A lot of Nikon photographers think they need to spend thousands, on lenses, to take great photos. They read all the information available and think they know the best of the best. However, they cannot always afford these lenses. Some even let this hold them back. They can though, save money or think differently, especially if they are Nikon DX(D7000 , D3100, D300s) shooters. There are lenses available, under $300 USD respectively. These lenses will allow them to shoot most styles of photography, and do it well. It’s not always the gear, its person behind it.
Ever since I learned about them, and Chris Gampat got his hands on them, I wanted to test the Diana F+ lenses out. There was something interesting about going lo-fi with things—the idea of mixing up the everyday rotation and doing something a little different is attractive. These lenses are meant for The Diana F+ Camera, but Lomography came out with a nifty F Mount so that you could use them on your Nikon cameras.
Though they’re not as much of a household name as Canon or Nikon, Sony has become a formidable force in the world of digital photography. Consult our reviews index for lots of our Sony reviews. But we know that any camera is nothing without the lens. Following the tradition of our Best Budget Lenses list, we’ve got a specialized index of some of the best Sony lenses under $300. So which ones make the cut?
No matter how great your camera’s focusing is, there is always something better that will come out. This has been the mantra of technology for years: however, in the digital age of photography, many companies are looking back to the past for ideas. And indeed, the past is repeating itself—translucent mirror cameras, the rise of rangefinder-type cameras, taking film models and simply making them digital, etc. With that in mind, you should consider two focusing systems that I’ve recently experienced myself that absolutely floored me.
However, they also left me scratching my head and wondering why we’re not using them right now.
Every photographer has a go-to lens that helps them to accomplish their daily tasks. What’s yours? Mine was (and in some ways still is) the Canon 24-105mm F/4 L IS. It has been by my side through paparazzo work, weddings, portraits, events, sports, and it has even been my casual walkaround lens. Used on the many cameras that have passed through my hands during reviews, it has been a mainstay on either my Canon 7D or 5D Mk II: always remaining ready to be used in an instant.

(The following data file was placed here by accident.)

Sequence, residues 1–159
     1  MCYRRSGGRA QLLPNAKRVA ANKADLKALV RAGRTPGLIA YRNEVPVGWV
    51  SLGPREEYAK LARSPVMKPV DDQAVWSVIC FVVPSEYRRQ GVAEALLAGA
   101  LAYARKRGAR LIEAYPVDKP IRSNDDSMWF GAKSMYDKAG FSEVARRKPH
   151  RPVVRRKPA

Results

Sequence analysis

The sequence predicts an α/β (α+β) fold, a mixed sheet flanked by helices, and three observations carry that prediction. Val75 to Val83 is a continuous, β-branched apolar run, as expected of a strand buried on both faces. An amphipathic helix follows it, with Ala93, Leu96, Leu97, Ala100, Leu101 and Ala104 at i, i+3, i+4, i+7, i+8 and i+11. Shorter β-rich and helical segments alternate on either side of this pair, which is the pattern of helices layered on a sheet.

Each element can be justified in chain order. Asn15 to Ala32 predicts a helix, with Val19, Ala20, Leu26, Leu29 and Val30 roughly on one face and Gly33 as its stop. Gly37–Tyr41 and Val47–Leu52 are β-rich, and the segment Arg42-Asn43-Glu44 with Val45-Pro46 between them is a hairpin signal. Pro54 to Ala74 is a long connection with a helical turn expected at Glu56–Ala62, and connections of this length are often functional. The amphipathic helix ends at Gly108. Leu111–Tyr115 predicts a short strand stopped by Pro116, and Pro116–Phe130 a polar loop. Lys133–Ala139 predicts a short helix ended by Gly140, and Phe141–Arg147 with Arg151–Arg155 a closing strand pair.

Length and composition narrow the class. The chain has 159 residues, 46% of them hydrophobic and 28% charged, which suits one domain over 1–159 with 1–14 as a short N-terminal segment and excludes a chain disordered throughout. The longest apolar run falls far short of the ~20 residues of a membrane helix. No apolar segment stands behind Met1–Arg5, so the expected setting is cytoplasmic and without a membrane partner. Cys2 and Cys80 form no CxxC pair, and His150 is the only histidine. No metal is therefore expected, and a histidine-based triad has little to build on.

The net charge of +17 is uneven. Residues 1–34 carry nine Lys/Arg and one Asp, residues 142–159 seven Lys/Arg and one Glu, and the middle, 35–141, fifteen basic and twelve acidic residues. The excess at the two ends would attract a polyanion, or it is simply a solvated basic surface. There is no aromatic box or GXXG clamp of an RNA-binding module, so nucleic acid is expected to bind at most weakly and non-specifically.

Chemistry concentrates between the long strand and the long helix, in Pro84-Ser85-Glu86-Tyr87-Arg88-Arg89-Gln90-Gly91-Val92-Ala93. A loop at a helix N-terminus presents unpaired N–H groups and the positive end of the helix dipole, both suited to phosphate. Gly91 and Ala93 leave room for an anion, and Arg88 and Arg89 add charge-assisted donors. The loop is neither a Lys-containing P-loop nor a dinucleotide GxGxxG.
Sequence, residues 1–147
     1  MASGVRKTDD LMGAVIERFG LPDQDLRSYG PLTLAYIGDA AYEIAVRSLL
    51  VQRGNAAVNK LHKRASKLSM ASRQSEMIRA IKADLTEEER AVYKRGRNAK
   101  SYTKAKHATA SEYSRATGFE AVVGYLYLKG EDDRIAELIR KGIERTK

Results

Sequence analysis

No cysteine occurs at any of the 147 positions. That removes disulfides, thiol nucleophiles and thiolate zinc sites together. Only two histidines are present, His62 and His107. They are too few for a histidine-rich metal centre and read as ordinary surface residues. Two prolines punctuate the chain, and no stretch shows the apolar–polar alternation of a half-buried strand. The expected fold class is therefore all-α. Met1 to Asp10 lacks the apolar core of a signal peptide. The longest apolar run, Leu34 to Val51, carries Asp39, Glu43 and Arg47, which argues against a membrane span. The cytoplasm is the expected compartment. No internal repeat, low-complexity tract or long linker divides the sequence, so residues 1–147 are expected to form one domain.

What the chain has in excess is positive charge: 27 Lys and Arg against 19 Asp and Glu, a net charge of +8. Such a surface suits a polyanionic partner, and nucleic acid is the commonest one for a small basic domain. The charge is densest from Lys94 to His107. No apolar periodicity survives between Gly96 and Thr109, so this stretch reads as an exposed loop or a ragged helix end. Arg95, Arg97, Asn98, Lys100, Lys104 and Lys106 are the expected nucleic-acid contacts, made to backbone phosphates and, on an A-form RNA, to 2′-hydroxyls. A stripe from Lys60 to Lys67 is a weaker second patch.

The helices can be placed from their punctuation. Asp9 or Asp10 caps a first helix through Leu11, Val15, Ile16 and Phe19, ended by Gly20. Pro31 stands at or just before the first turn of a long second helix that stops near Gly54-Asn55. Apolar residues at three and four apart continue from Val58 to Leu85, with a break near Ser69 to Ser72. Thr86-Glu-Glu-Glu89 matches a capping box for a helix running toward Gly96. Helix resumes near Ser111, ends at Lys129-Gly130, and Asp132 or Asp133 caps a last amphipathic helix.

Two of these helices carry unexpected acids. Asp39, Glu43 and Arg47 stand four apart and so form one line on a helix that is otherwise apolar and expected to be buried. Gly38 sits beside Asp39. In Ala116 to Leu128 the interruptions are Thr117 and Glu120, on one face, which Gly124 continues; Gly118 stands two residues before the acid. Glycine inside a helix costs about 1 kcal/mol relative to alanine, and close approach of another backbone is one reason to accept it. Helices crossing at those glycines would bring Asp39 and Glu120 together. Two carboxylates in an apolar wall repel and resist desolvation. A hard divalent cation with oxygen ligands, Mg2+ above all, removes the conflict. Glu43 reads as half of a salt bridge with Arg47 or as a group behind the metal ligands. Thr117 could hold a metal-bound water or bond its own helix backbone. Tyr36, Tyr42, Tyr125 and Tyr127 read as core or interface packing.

This long term review will cover the two years I’ve spent using this lens and will summarize the faults and strengths of this beloved piece of plastic with the heart of glass.
Flickr is a great place to share your photography. We previously had a posting on how to get more page views on Flickr, but I wanted to go into the social media side of things. I am not a fan of Facebook so Flickr is my site of choice for sharing my photography. It’s very difficult for me to imagine not sharing my photography. There is a clear difference between photography for profit and photography for sharing. Continue reading…
I can’t believe my time with this lens has come to an end. I’m pretty bummed. I really enjoyed the time I’ve spent shooting with this lens. Currently, I do not have a need for a 85mm lens but if I ever do, I can guarantee you that this lens will be at the top of my list.
With the recent announcement of the Nikon D5100’s technical specs, it only makes sense that some consumers may be confused about whether to purchase the Nikon D5100 or D7000. Here’s a quick comparison of the two to help you figure out which one is right for you.